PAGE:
Scene Of The Crime: The attack happened in salt water. The Rio Caimito empties into the Pacific ocean right at Puerto Caimito and the water along the coast is a mix of fresh and salt depending on the tides and amount of rainfall. Adrián was attacked at low tide and said when conditions are like that the water is more fresh than salty. But he wasn't thinking about the water as the crocodile pulled him toward the bottom for a late-night snack. He said he fought the crocodile off, saying "I brought my arm up, like this" and basically whacked the crocodile under the head and in the throat. He also said he swam down at first and then broke for the surface once he was free of the crocodile. Then, he swam hard for the shore which was only about ten meters away and got out of the water. Only then did he see the extent of his injuries and that he was bleeding heavily.

Several Stitches, Antibiotics: Adrián only went to the hospital the following day at the instance of his family members and because the bite "really started to hurt" and he couldn't move his arm well. They sewed him up and gave him some antibiotics as well as pills for pain and swelling. When we were there almost a week had passed and much of the smaller cuts and scratches had practically healed. The larger and deeper puncture wounds from the bite were still readily visible, and I drew the red line to "connect the dots" in order to get a better idea of just how large the crocodile was that attacked Adrián.

Let's Go Up The River: By now a small crowd had gathered to listen to Adrián tell his story. And - more ribbing. "He didn't fight his way free, the crocodile spit him out because he's ugly," one of his friends joked. They're not calling him "Porky" anymore, he is now officially known as "Coco" after the "cocodrilo" that bit him. I asked some of the kids in the crowd if they swam in those waters, and one girl said "sure, well we did, not any more though" because they are afraid of the reptiles in the water. I'm sure that after awhile the memory of the crocodile that bit Adrián will fade and they will be swimming again with confidence. We loaded up into a couple of boats and buzzed up the Rio Caimito for awhile in search of crocs on the shore. But they tend to come out more at night so we turned around and headed back. The boat handling skills of these guys is impressive and they were hopping back and forth from one panga to another while underway to balance loads and weight. They are perfectly comfortable in these small boats and practically live on the water.

"Coco" and his Crew: This is only a handful of the guys from Puerto Caimito that Adrián considers to be his friends. They make a fair living, fishing in the Pacific and selling their catch to the seafood buyers that come to town every morning before dawn. Thanks to the crocodile attack, Adrián is currently Puerto Caimito's second-most famous citizen, but he knows the attention will fade quickly. If you want to grab a panga and spend the day fishing, I'm sure these guys would be more than happy to take you out for a few hours. And of course wearing a New York Yankees hat will score points.

The Promarina S.A. Fish Flour Plant at Puerto Caimito: The steaming stacks indicate the presence of the industrial plant located in the center of town. The company owns a fleet of fishinig vessels that go out every night and return with tons of fish which are turned into 50-kilo sacks of fish meal, made of pulverised, dried fish or fish parts. Fish meal (or fishmeal) is a commercial product consisting of the waste from fisheries after the human-consumable material is removed, or from whole fish which are not suitable for human consumption. Fish meal is a brown powder or cake obtained by pressing the whole fish or fish trimmings to remove the fish oil. The major use of fish meal is as a high-protein supplement in the feed for livestock.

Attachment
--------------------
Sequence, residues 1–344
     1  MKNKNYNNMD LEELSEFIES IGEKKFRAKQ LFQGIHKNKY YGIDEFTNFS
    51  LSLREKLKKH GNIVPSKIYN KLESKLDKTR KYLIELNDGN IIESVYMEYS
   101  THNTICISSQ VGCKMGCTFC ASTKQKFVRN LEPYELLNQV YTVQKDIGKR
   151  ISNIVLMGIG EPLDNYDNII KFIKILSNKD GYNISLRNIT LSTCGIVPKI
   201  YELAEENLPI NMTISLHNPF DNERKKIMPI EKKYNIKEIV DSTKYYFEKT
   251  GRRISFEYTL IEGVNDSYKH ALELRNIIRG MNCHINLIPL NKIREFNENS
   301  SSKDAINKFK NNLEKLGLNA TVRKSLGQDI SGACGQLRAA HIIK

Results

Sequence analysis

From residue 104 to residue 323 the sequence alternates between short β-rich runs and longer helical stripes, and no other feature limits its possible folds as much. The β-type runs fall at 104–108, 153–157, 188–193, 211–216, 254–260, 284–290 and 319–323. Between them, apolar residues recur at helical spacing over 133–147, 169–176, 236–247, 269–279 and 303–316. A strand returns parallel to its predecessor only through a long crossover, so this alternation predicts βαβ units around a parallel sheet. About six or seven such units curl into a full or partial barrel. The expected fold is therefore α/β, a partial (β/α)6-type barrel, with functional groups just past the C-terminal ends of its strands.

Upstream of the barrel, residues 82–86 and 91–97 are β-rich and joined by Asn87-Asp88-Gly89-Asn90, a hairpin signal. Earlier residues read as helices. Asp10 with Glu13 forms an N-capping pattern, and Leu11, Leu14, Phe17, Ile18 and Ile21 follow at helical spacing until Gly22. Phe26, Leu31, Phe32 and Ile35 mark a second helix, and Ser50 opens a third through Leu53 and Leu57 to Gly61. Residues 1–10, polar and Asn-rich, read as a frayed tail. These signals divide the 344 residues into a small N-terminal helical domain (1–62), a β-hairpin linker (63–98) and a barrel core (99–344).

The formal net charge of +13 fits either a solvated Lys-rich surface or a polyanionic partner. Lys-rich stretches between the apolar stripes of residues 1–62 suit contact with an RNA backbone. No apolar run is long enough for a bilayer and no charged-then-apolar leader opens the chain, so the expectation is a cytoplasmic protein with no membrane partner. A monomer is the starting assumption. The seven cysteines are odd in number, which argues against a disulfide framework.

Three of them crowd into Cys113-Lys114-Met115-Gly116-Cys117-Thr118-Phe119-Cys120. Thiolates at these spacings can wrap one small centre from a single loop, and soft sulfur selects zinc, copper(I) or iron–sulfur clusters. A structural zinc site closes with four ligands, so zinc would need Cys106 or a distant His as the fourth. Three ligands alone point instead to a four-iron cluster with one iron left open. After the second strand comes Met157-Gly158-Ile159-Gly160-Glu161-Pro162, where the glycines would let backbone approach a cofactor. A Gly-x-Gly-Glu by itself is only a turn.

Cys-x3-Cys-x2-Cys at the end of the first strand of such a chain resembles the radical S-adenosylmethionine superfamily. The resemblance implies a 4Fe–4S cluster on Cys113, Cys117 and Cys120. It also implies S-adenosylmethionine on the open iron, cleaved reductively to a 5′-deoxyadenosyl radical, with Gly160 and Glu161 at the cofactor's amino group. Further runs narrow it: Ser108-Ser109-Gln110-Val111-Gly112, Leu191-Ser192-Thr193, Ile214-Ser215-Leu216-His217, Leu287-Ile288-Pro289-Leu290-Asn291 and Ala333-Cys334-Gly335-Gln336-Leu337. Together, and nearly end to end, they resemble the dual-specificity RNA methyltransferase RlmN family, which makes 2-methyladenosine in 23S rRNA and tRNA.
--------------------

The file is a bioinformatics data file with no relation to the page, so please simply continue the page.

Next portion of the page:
Indescribable Smell: If you've never been close to a plant like this then there is no way I could ever describe the smell. Thousands of pounds of raw fish and parts are cooked down to fish meal every day in this huge oven. The smell was "off the chart" bad. Whew...

200,000 Kilos Per Day: The factory puts out about 40,000 sacks at 50-kilos each, every day. The fish meal sells for about $51 per sack so the cost is about $1.00 per kilo. So (doing the math) this factory is pulling a million dollars out of the ocean every week, the big business in Puerto Caimito.

Goodbye, Puerto Caimito: There are literally hundreds of little towns and villages like this all over Panama. Each one has its people, story, history, and local heroes. Mariano Rivera has built a very nice house in Puerto Caimito and he returns during the off season when he's not walking onto the field to the tune of Metalica's "Sandman." My thanks to Adrián "Coco" Alvarado for taking the time to tell me his story and the rest of the people we met in Puerto Caimito for showing us around. I'm sure we will be back sometime, maybe for a booster shot, some very fresh fish, or to take a swim...

Copyright 2007, Text and Photos by Don Winner for As usual, go ahead and use whatever you want as long as you credit the source. Salud.

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Crocodile Attack Survivor Tells His Story | 1 comments | Create New Account
The following comments are owned by whomever posted them. This site is not responsible for what they say.
Crocodile Attack Survivor Tells His Story
Authored by: Anonymous on Sunday, July 29 2007 @ 09:17 AM EDT
Excellent, Excellent, Excellent, My kind of adventure! Great Story! I even got my map out to locate the area. Even in the states you hear about fish swimming into channels that locals say they have never seen before. CRAZY